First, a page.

The Nigel Calder Science of Hybrid propulsion article is an excellent in-depth study of parallel and serial hybrid propulsion, but it is not up-to-date.  His study is missing two important aspects of current day hybrid systems: (1) regeneration while sailing and (2) lithium batteries.  Therefore his fuel consumption for electric only propulsion is off if one is using lithium batteries, which can accept a much higher current (and charge more quickly) and more than half their battery charge comes from regeneration .  He even hints this when his says things would be different with solar power charging the batteries in the bottom of Part II of the article.  I also think that the generator input was AC, not DC, which gives higher loss at the charger b/c of the inverter.  Because he didn't have lithium batteries, the diesel could only trickle charge the batteries or direct power.  While this added some efficiency, it means the diesel was probably not operating at peak efficiency.  While the Polar Power DC generator specs g/kWh is about 290 (peak diesel efficiency is 230), they say RPMs and windings could still be changed to make it more efficient. 

He does makes several important points:
  1. An electric motor is most efficient at high RPMs, so a smaller prop is sometimes better.  However this counters what the guy in Top Secret said
  2. Most of the time a diesels are revving well below their peak efficiency when used in sailboats.
He also defines a term crossover speed: a theoretical speed below which a hybrid propulsion system is more efficient at moving a boat than a conventional propulsion system.  Above this speed, a conventional system is more efficient.  His biggest point about crossover speed: " This is the Achilles heel of a serial system.  If vessel operation requires sustained running above the crossover speed—and often, cruising speed will be above the crossover speed—the losses will rapidly overwhelm any gains below the crossover speed, for a net loss of efficiency. "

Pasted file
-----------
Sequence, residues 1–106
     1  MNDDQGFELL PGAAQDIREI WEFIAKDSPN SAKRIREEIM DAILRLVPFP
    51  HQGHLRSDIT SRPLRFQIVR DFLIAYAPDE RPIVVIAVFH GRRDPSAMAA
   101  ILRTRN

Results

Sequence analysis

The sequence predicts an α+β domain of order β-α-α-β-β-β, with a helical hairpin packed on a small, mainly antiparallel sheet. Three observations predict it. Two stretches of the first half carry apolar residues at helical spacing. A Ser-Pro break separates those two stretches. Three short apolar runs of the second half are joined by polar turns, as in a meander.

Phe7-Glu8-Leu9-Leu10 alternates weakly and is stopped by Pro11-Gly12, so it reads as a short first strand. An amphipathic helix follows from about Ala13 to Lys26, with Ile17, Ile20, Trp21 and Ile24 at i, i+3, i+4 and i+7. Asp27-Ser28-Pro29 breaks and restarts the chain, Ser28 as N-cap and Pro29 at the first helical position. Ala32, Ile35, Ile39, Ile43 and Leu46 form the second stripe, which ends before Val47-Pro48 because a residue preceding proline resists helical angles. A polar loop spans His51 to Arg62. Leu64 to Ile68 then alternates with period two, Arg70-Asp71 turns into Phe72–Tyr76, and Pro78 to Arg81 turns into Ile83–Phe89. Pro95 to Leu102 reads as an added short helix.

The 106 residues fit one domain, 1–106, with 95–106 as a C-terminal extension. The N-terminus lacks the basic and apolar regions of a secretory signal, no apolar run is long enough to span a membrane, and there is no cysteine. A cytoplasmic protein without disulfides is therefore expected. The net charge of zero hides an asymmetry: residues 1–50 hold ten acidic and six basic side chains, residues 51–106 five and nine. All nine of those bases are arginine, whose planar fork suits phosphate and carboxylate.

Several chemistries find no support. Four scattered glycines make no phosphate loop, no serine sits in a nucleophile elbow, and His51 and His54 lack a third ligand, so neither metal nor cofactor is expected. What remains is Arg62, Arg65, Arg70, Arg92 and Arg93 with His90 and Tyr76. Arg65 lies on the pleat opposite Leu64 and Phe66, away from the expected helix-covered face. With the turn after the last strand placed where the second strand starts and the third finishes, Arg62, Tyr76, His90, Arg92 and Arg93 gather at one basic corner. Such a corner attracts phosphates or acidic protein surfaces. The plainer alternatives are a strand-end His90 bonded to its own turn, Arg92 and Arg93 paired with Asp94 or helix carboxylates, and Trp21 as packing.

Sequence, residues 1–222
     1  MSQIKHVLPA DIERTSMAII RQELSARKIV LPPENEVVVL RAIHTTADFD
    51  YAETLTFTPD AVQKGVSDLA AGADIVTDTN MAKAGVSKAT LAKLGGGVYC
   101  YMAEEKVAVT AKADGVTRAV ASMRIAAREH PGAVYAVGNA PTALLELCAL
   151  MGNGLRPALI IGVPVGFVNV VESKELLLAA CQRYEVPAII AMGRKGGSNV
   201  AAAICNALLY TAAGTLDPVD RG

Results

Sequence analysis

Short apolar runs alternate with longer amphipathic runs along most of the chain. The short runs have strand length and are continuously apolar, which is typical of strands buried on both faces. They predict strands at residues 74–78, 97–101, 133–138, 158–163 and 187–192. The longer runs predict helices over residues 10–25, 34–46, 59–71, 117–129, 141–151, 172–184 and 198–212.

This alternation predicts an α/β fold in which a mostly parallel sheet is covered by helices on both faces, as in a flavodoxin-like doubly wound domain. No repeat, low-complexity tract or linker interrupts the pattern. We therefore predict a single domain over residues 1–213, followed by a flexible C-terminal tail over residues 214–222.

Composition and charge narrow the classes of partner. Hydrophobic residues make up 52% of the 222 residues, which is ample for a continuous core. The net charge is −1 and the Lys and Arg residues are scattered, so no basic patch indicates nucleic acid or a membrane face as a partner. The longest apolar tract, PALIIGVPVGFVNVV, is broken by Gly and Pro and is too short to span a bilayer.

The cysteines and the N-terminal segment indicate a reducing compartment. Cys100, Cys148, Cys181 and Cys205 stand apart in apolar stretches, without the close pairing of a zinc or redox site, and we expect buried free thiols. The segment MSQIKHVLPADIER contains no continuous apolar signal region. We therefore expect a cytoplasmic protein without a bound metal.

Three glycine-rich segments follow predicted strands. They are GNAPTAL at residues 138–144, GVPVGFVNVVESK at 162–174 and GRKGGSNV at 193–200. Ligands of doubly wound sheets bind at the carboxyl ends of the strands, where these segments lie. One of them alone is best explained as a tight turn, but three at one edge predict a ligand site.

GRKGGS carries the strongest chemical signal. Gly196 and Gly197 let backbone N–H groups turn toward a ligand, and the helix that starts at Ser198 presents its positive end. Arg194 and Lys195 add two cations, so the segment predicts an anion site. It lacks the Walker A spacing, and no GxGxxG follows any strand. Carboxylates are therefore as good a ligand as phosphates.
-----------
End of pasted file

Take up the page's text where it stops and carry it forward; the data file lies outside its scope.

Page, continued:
Graphs from the Nigel Calder Article

Diesel Fuel graph
Diesel Fuel consumption vs speed on 48ft Monohull
crossover graph
Crossover speed estimates.

The chart to the right above shows the smaller prop outperforming the larger prop when it comes to crossover speed efficiency, but no one wants a grossly undersized propeller on their boat, especially since an electric motor has more low end torque to drive it. 

In all his analysis is sound, I just wish he would redo it with an OceanVolt Servoprop and lithium batteries. 

Estimations for our system

Using Calder's info above and OceanVolt calculations (confirmed by our experience with the hybrid Voyage 480), we can do some estimations that look pretty good for a SHPS.  If we put two 15kW OceanVolts on 44ft (svelt) lightweight performance Catamaran (~22klbs loaded) we should be able to drive it at 6knots with ~13kW battery draw (yes estimates by OceanVolt, but in the ballpark with our observations when we were on the 2ft longer and 4,000lb heavier Voyage 480 with the same motors).  So with a 30hp Polar Power DC generator to pump 14kW into our batteries we would consume 1.2gal/hr (290grams/kW * 1/3255grams/Gal * 14kW).  The Nautitech 40 we just sailed on used 2.5gal/hr at 6knots (two engines at 2100rpm), so we should be able to run at cruising speed on a SHPS using half the gas.  So that's double the range right there, not even at a slow speed but decent cruising speed.  If we slow down to harbor speed (~2.5Knots), where the electric motor is best, the battery burn is 1kW on the SHPS (1/13th of cruising speed).  Unfortunately I don't have diesel data for that speed, but extrapolating from the Nigel Calder data above, it looks like the diesel consumption will go down to a little less than ⅕ of the 7knot burn or ½ gal/hr.  So when slowing down to harbor speed the electric motor reduction is 2.6 times greater than the diesel, which means the electric consumption savings is 2.5 times more than a diesel (1/13th vs ⅕). 

So even if the harbor speed extrapolation is off by a factor of two, there would still be nearly ⅓ less energy consumption by the OceanVolt SHPS in the harbor vs diesel.  This kind of calculation is what is missing in the OceanVolt whitepaper.  Therefore, even without factoring in regen during sailing, an electric motor should be more efficient as long as we stay under 6.5knots